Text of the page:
Re: Anti-Satellite Weapons (was S.D.I. lives?)

Jim Wilson (jim.wilson@mail.utexas.edu)
Tue, 9 Sep 1997 11:05:22 -0600

At 11:42 PM 9/7/97, Philip Chien wrote:
>Russia has tested their FOBS (Fractional Orbital Bo??? System) a couple of
>times in orbit.  It requires the attacker satellite to enter the same orbit
>as the target, then the attacker explodes which destroys the target.  It's
>only usable for satellites at a fairly low altitude and not considered to
>be a very sophisticated system.
///// ->
        On most discussions I concur with Mr.Chien's assessments.  On this
one, however, a slight clarification appears to be in order.  Based on my
many years in the military space business:
1) FOBS (Fractional Orbit Bomb System) is an ICBM "concept", not an ASAT,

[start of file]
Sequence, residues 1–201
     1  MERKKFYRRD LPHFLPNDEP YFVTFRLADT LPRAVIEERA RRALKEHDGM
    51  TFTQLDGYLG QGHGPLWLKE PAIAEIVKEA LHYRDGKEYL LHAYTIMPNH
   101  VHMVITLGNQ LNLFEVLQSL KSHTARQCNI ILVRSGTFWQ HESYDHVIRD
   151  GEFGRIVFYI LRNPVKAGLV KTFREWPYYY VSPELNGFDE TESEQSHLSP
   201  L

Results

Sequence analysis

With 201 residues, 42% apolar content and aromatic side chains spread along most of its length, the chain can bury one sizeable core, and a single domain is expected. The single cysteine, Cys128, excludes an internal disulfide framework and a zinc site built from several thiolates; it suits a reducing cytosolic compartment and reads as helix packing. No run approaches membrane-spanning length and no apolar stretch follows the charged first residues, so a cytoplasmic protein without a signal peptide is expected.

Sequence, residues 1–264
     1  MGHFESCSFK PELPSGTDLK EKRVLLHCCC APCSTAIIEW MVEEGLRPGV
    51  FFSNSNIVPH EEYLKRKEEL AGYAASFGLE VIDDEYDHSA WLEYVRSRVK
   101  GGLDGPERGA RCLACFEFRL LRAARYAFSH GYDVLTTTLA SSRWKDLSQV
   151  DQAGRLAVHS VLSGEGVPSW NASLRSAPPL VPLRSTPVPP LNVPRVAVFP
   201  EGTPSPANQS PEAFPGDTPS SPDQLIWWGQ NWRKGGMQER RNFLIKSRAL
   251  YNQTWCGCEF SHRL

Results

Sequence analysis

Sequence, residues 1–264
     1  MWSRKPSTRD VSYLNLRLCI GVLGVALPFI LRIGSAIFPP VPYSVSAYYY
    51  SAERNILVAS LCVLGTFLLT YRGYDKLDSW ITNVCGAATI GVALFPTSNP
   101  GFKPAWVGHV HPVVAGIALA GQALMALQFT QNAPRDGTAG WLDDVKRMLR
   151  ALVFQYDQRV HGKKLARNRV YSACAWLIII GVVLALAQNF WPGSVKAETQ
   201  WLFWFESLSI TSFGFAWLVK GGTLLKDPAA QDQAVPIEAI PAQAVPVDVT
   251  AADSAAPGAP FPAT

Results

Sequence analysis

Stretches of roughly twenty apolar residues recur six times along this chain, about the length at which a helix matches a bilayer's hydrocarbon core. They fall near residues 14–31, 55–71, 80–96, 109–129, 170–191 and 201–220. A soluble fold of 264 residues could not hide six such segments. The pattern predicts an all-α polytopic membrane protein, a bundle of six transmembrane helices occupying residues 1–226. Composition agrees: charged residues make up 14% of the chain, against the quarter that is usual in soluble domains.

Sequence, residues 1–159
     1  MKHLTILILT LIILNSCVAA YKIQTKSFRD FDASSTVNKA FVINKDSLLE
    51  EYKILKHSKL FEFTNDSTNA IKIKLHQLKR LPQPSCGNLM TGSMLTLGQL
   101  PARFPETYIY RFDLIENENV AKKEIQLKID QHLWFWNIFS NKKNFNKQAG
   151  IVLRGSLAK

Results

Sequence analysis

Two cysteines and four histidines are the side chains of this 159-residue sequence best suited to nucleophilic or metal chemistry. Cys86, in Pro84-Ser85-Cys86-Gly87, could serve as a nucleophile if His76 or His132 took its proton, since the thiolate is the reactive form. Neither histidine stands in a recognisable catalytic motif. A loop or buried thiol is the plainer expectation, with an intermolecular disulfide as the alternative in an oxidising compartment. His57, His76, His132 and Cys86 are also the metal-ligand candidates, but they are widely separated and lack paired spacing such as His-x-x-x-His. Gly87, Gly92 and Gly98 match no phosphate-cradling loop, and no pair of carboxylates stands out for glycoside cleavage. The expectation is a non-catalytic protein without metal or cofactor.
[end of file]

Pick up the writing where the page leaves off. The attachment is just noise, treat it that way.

involving a polar launch to the south that reenters at about 3/4 rev.  Very
nasty if you're in the ABM (Anti-Ballistic Missile) system business.  So
nasty, in fact, that they were banned in an early ABM treaty (72?).  I
can't *recall* any FOBS-specific flight tests.
2) What was tested several times (against Soviet targets), as described in
unclassified DOD publications, was a Co-orbital ASAT -- essentially a
spacecraft on a rendezvous orbit, with a fuzing sensor and a fragmentation
warhead instead of a docking mechanism.

        Oh by the way, since we're slightly off topic anyway (sorry), a
previous statement (not Chien's) regarding the disbanding of SDIO and
transferring the programs to the Army are close, but not entirely precise:
SDIO was simply renamed BMDO in '93.  The near-term focus was also shifted,
but it is still very much a tri-service organization.  In fact, the current
BMDO director is USAF Lieutenant General Lester L. Lyles.

Regards,
        Jim Wilson
        Austin, Texas, USA